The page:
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เนื้อหาจัดทำโดย IPS Inter Press Service เนื้อหาพอดแคสต์ทั้งหมด รวมถึงตอน กราฟิก และคำอธิบายพอดแคสต์ได้รับการอัปโหลดและจัดหาให้โดยตรงจาก IPS Inter Press Service หรือพันธมิตรแพลตฟอร์มพอดแคสต์ของพวกเขา หากคุณเชื่อว่ามีบุคคลอื่นใช้งานที่มีลิขสิทธิ์ของคุณโดยไม่ได้รับอนุญาต คุณสามารถปฏิบัติตามขั้นตอนที่แสดงไว้ที่นี่ https://th.player.fm/legal
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Voices from the World Social Forum 2024

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Manage episode 402649840 series 2991841
เนื้อหาจัดทำโดย IPS Inter Press Service เนื้อหาพอดแคสต์ทั้งหมด รวมถึงตอน กราฟิก และคำอธิบายพอดแคสต์ได้รับการอัปโหลดและจัดหาให้โดยตรงจาก IPS Inter Press Service หรือพันธมิตรแพลตฟอร์มพอดแคสต์ของพวกเขา หากคุณเชื่อว่ามีบุคคลอื่นใช้งานที่มีลิขสิทธิ์ของคุณโดยไม่ได้รับอนุญาต คุณสามารถปฏิบัติตามขั้นตอนที่แสดงไว้ที่นี่ https://th.player.fm/legal

After interviewing a member of the Nepal organizing committee ahead of opening day, I was excited about covering my first ever World Social Forum (WSF). He suggested that at least 30,000 and as many as 50,000 activists from over 90 countries would attend the three-day event. But day 1 disappointed me. The march through the centre of Kathmandu was large, but not the massive showing I expected to see — perhaps because police in the vehicle-clogged city centre didn’t close roads along the route, but squeezed marchers into one lane of traffic. Again, thousands crowded in front of the stage for the opening ceremony but while it was impressive, it was far from a stupendous showing.
But as I hurried to attend various workshops over the next three days I became increasingly impressed. Each session — most held in cold, dusty classrooms in a series of colleges lining a downtown road— was full, some to overflowing. People were eager to squeeze in, to hear colleagues from across the world explain and advocate on issues that affected all of their lives in very similar ways. Between workshops the chatter of those who had finished early — or at least not late like the rest of us — floated through the open windows of classrooms.
On closing day more than 60 declarations were reportedly issued by the various ‘movements’, the thematic groups that comprise the WSF. I’m sure they assert the need for change: for peace, equality, rights and dignity — for people, nature and the planet. As usual, I support these calls. But what I learned at my first WSF is that energy and enthusiasm for a world that looks and runs vastly differently than the often terrible one that we inhabit today has not waned among a huge number of people, young and old. I’d hazard a guess that the ones you’re about to hear, who I recorded at the start of the Forum, would be as engaged and energetic if I had spoken with them after it ended, following hours of listening, learning, and networking about how to create a better world.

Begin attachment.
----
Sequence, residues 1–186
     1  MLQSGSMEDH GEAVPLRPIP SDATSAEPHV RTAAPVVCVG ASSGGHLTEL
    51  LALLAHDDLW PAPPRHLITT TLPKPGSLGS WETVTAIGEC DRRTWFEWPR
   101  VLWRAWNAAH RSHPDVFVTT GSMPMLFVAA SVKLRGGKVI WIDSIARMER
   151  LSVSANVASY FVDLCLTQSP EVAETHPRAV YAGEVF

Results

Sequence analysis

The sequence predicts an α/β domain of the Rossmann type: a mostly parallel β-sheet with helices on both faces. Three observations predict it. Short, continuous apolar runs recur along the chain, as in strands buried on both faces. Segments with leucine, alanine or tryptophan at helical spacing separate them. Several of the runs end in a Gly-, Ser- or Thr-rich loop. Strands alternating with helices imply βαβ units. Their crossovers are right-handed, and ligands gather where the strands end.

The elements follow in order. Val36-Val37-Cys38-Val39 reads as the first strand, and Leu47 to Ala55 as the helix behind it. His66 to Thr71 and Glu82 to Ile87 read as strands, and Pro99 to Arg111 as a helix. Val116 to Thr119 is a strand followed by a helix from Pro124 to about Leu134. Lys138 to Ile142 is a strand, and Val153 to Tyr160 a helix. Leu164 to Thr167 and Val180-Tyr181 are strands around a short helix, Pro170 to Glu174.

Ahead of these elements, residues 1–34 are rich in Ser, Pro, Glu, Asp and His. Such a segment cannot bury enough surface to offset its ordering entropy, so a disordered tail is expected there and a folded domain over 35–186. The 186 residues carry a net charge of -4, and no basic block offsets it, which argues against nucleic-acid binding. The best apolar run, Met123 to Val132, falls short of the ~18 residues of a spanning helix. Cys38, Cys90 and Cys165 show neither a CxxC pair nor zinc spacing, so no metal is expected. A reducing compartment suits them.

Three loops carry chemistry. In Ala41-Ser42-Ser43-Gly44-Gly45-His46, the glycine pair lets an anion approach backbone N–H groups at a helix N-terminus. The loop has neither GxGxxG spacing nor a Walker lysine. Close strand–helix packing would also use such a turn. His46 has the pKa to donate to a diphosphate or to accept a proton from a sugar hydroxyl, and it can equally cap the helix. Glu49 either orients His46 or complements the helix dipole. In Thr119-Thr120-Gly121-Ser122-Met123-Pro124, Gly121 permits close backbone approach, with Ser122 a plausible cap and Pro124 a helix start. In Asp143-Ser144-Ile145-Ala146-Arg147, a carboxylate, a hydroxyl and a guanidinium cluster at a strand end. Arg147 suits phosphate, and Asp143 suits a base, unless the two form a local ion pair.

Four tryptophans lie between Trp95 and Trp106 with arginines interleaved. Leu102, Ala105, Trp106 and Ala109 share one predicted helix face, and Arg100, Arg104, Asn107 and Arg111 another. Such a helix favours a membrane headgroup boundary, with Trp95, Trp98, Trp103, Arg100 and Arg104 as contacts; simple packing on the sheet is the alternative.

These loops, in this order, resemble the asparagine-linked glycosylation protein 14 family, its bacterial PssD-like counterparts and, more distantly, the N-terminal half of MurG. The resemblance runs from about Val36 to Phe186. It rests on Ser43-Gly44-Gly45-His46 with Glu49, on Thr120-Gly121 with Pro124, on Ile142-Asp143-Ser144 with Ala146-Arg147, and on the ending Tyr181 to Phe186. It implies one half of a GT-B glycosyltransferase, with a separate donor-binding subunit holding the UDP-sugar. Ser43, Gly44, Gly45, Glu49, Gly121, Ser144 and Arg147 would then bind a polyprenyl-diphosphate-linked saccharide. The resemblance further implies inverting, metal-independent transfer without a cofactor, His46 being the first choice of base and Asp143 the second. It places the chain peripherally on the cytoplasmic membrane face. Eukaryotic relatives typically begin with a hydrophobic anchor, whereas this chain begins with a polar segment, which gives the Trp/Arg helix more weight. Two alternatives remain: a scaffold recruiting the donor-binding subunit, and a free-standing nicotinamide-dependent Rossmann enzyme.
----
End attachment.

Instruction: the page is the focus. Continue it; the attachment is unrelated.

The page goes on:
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19 ตอน

Artwork
iconแบ่งปัน
 
Manage episode 402649840 series 2991841
เนื้อหาจัดทำโดย IPS Inter Press Service เนื้อหาพอดแคสต์ทั้งหมด รวมถึงตอน กราฟิก และคำอธิบายพอดแคสต์ได้รับการอัปโหลดและจัดหาให้โดยตรงจาก IPS Inter Press Service หรือพันธมิตรแพลตฟอร์มพอดแคสต์ของพวกเขา หากคุณเชื่อว่ามีบุคคลอื่นใช้งานที่มีลิขสิทธิ์ของคุณโดยไม่ได้รับอนุญาต คุณสามารถปฏิบัติตามขั้นตอนที่แสดงไว้ที่นี่ https://th.player.fm/legal

After interviewing a member of the Nepal organizing committee ahead of opening day, I was excited about covering my first ever World Social Forum (WSF). He suggested that at least 30,000 and as many as 50,000 activists from over 90 countries would attend the three-day event. But day 1 disappointed me. The march through the centre of Kathmandu was large, but not the massive showing I expected to see — perhaps because police in the vehicle-clogged city centre didn’t close roads along the route, but squeezed marchers into one lane of traffic. Again, thousands crowded in front of the stage for the opening ceremony but while it was impressive, it was far from a stupendous showing.
But as I hurried to attend various workshops over the next three days I became increasingly impressed. Each session — most held in cold, dusty classrooms in a series of colleges lining a downtown road— was full, some to overflowing. People were eager to squeeze in, to hear colleagues from across the world explain and advocate on issues that affected all of their lives in very similar ways. Between workshops the chatter of those who had finished early — or at least not late like the rest of us — floated through the open windows of classrooms.
On closing day more than 60 declarations were reportedly issued by the various ‘movements’, the thematic groups that comprise the WSF. I’m sure they assert the need for change: for peace, equality, rights and dignity — for people, nature and the planet. As usual, I support these calls. But what I learned at my first WSF is that energy and enthusiasm for a world that looks and runs vastly differently than the often terrible one that we inhabit today has not waned among a huge number of people, young and old. I’d hazard a guess that the ones you’re about to hear, who I recorded at the start of the Forum, would be as engaged and energetic if I had spoken with them after it ended, following hours of listening, learning, and networking about how to create a better world.
Strive on social media
Twitter
Facebook
LinkedIn
Resources

  continue reading

19 ตอน

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